Favored Frank’s Rockette got in perfect early position in the Grade II $200,000 Prioress and struck when the time was right, as the 3-year-old filly dispatched the field by 2 1/2 lengths for her fourth win in five starts this year.
Running for the first time since a win in the Grade III Victory Ride on July 4 at Belmont Park, Frank’s Rockette sat second behind Hello Beautiful in the opening quarter-mile before taking charge and kicking clear for jockey Junior Alvarado and trainer Bill Mott to win the six-furlong sprint over Reagan’s Edge and Center Aisle — the exact same top three from the Victory Ride.
“She’s very quick out of the gate and she made my job easy today,” Alvarado said. “She got out of there and was easy to handle. I held her as long as I could, just waiting to turn for home. And when I asked her, she responded very nicely. At the end, she was traveling away from them.”
Morning line favorite Kimari, the only filly to beat Frank’s Rockette this year, was scratched.
The longer the distance, the better the result for Civil Union.
The 5-year-old mare posted back-to-back wins on the turf at Belmont Park earlier this summer, including the July 12 River Memories going 1 1/2 miles, and backed up that form Saturday with a third straight victory, stalking the pace and punching past pacesetter Beau Belle with a three-wide move down the stretch to win the 1 3/8-miles Grade II, $200,000 Glens Falls by a length for jockey Joel Rosario and trainer Shug McGaughey.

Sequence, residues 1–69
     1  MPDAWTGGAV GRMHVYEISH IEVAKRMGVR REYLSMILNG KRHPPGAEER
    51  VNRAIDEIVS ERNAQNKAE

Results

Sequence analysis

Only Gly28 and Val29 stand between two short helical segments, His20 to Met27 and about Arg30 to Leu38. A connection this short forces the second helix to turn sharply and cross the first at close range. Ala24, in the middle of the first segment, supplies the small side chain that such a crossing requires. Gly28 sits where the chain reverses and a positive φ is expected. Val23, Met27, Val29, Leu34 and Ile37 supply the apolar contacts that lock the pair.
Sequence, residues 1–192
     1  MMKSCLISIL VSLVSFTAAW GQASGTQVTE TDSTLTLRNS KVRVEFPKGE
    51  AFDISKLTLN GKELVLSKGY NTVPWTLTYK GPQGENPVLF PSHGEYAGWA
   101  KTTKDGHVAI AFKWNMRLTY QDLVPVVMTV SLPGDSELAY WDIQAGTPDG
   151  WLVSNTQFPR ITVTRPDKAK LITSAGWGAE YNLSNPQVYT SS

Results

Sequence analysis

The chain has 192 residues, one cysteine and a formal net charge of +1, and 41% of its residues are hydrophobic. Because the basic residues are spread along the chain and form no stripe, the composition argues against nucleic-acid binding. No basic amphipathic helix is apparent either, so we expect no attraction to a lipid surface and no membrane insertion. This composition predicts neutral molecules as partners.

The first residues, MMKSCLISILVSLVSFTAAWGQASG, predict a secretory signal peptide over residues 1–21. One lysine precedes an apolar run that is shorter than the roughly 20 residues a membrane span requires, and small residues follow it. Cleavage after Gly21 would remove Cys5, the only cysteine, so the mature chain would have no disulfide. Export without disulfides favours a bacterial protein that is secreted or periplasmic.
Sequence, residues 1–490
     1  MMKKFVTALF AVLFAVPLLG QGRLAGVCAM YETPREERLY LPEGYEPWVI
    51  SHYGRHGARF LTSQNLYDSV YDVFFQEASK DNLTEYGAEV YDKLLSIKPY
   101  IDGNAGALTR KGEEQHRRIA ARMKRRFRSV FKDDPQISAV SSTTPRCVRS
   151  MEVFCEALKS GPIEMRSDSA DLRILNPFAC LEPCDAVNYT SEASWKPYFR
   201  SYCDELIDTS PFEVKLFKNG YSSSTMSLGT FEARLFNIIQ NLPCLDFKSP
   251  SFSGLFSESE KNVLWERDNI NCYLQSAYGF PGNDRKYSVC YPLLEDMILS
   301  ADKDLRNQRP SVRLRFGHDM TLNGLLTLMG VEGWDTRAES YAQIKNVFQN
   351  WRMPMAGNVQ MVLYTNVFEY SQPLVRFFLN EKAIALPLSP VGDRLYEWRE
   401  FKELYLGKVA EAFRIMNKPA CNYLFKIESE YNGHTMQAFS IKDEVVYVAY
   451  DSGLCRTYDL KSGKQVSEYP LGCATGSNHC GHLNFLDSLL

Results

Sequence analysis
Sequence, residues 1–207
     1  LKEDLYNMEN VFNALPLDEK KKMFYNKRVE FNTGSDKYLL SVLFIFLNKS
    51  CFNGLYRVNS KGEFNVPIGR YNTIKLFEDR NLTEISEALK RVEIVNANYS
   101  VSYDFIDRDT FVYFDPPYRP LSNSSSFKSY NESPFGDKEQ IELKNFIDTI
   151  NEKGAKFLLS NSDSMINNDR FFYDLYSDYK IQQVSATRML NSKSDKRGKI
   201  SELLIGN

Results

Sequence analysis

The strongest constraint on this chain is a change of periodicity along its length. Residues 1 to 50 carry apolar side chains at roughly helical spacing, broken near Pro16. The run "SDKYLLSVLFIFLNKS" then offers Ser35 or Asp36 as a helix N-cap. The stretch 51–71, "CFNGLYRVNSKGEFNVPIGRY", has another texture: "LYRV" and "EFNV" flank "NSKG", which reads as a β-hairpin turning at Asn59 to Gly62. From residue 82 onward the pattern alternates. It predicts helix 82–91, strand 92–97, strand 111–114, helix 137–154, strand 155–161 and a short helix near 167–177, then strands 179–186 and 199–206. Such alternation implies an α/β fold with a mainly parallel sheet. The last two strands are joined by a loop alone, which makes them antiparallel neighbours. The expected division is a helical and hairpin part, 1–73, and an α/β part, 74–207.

“I think she can run all day,” McGaughey said. “When she won the River Memories, she really punched hard from the eighth pole to the wire and she did the same thing today. It looks like when you ask her to go on and finish, she has it in her.”
My Sister Nat, winner of the Waya earlier in the meet, made a late bid to take second by a nose over Beau Belle, who held on for third.
Reach Adam Shinder at [email protected] or @Adam_Shinder on Twitter.